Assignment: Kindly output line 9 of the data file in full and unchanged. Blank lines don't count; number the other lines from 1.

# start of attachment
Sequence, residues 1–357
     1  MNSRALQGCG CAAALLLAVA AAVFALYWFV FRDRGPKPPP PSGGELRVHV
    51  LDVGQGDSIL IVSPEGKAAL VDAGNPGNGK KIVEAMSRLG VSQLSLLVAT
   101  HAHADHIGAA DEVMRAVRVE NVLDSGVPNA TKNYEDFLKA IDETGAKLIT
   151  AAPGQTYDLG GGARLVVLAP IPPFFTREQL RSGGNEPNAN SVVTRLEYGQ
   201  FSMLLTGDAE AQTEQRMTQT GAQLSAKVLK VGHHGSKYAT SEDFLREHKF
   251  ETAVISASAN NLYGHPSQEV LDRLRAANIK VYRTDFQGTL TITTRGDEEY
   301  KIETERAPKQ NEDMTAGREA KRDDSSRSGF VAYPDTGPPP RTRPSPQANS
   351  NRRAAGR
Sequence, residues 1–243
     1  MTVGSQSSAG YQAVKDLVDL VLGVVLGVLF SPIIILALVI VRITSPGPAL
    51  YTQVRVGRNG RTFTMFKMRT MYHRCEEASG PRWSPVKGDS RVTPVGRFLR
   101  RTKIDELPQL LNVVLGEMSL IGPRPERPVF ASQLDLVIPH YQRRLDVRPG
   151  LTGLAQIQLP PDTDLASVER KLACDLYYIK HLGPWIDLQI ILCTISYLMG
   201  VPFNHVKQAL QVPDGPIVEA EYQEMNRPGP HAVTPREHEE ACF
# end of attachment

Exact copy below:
   351  NRRAAGR